Participants explained they were stating their opposition to the 'Islamification' of the country and described the Oxford Road mosque as an "absolute eyesore" which they don't want replicated in East Reading.
Official estimates of 200 attendees were met with a heavy police presence and about 50 anti-EDL protesters as onlookers described "a real feeling of menace and intimidation" surrounding the event.
EDL-supporter and anti-EU campaigner European Freedom Initiative was clearly proud of the turn-out, publishing a digital photo-album from the event.
Leader of Reading Borough Council Cllr Andrew Cumpsty condemned the activities of a small minority of 'hateful' voices, stating that nobody who preaches division has a place in civilised political debate, emphasising how "In Reading we celebrate all the varied parts of our town."
Indeed leaders of all three political groups on RBC maintained an officially-united front in support of political pluralism.
However the cracks in the facade were visible as Labour activist Richard McKenzie was "shocked, frustrated and disgusted" that the EDL are advertising their existence at all with their 'frightening' and 'apalling' opinions.
Via email while attempting to build a response, the Reading Against Racism group argues,
"Dont be fooled. We dont need no 'english' defence league. We only need working-class defence...[to] unite ordinary people of all backgrounds and support us to resist inequality, poverty, exploitation, authoritarianism and division."
On the other hand Jane Griffiths explains this is a counter-productive and contradictory attitude, as banning unacceptable views is authoritarian and simply plays directly into the hands of the intolerant by driving them into the shadows where they can't be challenged - and it certainly doesn't deal with any real concerns they may have.
Coincidentally Cllr Swaine also suggests the EDL may be approaching politics in completely the wrong way. As he says, drawing on the individual experience of suffering is a good way to identify shared universal truths but particular facts are easily obscured through mis-interpretation and re-interpretation, especially by those with wilfully ignorant, selfish or malicious motives.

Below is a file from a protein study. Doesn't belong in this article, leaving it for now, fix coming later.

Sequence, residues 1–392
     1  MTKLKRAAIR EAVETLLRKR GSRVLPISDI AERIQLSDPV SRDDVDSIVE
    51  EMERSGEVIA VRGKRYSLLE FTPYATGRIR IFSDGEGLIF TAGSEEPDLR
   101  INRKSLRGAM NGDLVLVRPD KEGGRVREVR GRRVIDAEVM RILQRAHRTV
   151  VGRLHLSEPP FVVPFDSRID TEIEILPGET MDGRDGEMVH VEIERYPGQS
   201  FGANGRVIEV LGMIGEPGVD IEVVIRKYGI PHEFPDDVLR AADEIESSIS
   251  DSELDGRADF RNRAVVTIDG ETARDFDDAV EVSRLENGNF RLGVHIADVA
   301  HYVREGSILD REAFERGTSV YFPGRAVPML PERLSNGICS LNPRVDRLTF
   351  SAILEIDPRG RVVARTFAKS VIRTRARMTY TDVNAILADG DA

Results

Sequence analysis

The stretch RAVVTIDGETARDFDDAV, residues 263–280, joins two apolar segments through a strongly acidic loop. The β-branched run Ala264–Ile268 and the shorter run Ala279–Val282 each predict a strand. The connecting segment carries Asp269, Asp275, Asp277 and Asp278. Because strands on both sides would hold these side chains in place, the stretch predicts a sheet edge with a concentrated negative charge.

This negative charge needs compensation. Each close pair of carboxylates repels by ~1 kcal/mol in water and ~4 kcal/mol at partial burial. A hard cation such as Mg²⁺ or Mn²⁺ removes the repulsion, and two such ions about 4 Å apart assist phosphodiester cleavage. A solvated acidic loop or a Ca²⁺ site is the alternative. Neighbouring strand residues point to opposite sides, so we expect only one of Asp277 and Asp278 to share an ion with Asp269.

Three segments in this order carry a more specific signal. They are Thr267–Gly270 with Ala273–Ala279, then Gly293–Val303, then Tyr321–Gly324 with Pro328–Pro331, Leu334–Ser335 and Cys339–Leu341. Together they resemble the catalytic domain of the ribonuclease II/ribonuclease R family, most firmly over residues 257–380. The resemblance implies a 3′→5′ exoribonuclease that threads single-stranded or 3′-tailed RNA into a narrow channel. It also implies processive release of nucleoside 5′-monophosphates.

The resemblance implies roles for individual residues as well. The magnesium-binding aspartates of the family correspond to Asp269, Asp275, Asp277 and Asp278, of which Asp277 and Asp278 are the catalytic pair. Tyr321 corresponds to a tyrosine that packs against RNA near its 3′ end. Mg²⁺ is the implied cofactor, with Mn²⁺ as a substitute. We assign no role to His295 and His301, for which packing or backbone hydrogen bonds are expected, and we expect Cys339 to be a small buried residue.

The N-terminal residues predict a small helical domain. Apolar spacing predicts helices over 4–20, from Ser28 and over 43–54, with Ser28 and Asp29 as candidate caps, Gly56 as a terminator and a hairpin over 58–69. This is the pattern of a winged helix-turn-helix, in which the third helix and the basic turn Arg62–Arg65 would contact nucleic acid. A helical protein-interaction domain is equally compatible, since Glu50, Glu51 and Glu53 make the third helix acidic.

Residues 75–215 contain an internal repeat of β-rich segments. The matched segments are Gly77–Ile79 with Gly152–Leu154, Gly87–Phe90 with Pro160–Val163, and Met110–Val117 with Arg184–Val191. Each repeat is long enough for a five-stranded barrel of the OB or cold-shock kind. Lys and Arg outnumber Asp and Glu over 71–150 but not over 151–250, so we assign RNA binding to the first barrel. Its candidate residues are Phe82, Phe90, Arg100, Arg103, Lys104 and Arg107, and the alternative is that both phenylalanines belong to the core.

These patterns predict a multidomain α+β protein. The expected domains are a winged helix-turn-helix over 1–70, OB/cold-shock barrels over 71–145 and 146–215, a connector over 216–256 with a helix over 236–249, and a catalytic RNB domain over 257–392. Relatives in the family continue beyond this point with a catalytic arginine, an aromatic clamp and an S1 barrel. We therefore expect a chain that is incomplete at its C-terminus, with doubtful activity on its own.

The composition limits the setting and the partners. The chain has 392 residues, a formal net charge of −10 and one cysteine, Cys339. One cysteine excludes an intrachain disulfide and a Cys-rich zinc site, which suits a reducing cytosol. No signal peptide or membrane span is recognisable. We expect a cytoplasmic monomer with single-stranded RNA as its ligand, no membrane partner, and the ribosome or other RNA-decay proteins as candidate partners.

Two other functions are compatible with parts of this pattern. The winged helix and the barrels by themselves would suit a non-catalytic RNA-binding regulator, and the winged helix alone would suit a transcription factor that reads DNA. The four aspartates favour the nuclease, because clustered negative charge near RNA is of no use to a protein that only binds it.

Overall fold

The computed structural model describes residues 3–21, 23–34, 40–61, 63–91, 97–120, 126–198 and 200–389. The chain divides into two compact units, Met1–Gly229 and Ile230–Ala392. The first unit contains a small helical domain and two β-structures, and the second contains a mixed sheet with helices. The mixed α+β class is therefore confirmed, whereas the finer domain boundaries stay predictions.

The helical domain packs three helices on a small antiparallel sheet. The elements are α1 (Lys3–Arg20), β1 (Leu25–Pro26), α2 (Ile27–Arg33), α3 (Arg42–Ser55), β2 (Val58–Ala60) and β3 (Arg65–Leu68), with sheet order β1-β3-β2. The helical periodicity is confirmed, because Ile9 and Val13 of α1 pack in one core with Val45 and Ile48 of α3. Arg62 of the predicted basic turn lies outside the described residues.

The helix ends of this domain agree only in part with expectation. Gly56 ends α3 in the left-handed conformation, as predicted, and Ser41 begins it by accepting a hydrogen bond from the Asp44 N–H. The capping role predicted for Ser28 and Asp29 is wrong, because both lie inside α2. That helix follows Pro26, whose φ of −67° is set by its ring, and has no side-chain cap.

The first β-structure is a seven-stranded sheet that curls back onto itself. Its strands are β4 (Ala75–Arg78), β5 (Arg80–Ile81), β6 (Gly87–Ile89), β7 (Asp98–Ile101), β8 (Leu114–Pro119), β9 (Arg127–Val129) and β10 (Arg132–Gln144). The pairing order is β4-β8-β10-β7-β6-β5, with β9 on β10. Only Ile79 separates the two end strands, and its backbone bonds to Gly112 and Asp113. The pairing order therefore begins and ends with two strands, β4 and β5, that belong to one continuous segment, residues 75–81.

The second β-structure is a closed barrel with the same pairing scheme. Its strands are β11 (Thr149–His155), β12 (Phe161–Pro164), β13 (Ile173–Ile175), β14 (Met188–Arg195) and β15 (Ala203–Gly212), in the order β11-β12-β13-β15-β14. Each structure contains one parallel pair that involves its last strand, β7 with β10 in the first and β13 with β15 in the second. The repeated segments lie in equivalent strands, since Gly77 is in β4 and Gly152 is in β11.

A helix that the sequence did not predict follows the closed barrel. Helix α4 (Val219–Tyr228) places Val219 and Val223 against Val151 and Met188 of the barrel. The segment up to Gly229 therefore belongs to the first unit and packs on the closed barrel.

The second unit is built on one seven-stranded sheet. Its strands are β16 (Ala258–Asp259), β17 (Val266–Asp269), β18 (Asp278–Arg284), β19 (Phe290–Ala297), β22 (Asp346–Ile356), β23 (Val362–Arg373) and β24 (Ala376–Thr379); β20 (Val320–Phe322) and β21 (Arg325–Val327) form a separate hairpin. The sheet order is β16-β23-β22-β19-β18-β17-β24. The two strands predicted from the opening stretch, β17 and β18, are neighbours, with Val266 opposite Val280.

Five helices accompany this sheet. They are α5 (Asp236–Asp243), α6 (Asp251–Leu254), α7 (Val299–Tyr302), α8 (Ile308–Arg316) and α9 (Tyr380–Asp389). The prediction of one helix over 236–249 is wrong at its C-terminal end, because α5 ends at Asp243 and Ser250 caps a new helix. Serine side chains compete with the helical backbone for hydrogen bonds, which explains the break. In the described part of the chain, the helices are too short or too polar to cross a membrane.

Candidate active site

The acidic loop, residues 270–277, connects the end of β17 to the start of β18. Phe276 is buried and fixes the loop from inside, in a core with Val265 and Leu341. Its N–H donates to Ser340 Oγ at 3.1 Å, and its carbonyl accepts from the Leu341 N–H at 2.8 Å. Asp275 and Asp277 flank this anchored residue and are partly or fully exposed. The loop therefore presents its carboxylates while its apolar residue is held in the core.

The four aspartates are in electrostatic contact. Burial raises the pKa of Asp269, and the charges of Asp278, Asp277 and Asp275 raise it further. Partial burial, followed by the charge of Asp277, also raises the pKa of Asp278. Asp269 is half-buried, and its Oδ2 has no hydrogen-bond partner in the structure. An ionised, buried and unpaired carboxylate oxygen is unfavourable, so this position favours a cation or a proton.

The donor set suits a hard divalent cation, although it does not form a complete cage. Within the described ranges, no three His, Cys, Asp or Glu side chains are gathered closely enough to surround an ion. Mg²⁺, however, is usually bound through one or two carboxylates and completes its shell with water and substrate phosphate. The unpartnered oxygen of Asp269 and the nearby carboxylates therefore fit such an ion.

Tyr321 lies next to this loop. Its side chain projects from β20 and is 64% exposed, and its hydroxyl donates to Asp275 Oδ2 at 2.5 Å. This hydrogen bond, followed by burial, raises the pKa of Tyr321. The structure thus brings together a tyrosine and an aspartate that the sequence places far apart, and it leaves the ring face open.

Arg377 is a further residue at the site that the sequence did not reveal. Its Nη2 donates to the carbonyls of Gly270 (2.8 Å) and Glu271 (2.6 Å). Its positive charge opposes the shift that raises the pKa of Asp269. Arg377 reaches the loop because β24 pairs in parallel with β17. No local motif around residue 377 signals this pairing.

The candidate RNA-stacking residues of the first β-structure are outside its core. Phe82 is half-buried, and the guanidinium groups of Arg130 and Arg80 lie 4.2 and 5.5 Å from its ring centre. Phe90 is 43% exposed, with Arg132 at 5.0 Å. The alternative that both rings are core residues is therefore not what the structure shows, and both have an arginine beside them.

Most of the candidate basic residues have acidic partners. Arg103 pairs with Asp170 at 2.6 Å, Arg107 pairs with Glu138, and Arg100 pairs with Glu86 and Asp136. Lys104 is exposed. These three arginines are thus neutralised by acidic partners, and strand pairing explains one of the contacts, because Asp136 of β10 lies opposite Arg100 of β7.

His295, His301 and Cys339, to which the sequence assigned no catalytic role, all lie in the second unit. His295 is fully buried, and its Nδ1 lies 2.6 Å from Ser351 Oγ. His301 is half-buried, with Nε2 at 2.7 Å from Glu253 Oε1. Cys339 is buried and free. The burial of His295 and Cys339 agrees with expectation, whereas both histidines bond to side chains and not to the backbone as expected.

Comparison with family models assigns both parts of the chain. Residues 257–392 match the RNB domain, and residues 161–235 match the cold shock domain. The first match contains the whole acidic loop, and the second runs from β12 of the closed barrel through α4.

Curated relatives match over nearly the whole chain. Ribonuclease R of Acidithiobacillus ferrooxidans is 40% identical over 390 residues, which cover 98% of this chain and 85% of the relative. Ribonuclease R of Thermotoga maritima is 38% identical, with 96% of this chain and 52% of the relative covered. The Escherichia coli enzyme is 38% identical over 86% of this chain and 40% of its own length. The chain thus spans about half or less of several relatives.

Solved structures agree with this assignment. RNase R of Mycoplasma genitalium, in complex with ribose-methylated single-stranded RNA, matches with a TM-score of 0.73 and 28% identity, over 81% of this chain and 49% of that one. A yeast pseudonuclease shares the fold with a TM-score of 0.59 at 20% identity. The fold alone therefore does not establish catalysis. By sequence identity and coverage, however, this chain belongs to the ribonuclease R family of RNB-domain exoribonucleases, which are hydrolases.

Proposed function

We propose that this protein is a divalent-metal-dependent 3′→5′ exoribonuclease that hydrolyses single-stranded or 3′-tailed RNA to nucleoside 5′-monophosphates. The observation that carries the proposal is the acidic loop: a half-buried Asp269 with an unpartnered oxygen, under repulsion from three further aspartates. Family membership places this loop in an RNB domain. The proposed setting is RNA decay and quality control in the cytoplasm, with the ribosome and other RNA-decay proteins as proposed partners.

And the plain intention of the march and rally was to try to stimulate a negative response, as an EDL spokesman indicated with a series of accusations,
"There are 12 Islamic centres in Reading and that's fine, within the Muslim community that's fine - but the trouble with the Muslim community is they don't want to interact with our ways and our laws and they start preaching their hate."Meanwhile Reading Muslim Council showed how they're engaging with the suburban middle-classes as Berkshire Humanists advertise an Islamic Exhibition hosted at the Oakwood Centre in Woodley from 5-7th May.
Nonetheless full social integration still has some way to go, as Reading Council for Racial Equality's Ejaz Elahi expressed some reservations about the nature of identity,
"Obviously the Muslim community is unhappy about it. They don't like to be picked on by people who don't even belong to Reading."Reading Police commander, Supt Stuart Greenfield, confirmed over 80 officers were on duty and no arrests were made on the day. He described the police's role in maintaining public order as a success, adding that officers mainly kept to a watching brief, before concluding,
"It's a democracy, people have the right to peacefully protest - but that's the key, it's about peaceful protest."
EDL has recently been stepping forward with a series of political rallies as it tries to build popular momentum as a political force and potentially stand candidates at future elections.
Just seven arrests were made in Luton as 5,000 EDL supporters were confronted by the extreme Muslim group Islam4UK, but in Rochdale 31 arrests were the result of clashes between the 400 EDL supporters and 100 members of Unite Against Fascism (UAF).
Reading's public and authorities each deserve congratulations for preventing an outbreak of violence and disorder - it shows the high standards of local political debate and the value placed on contrasting viewpoints as a way to help produce constructive policy outcomes.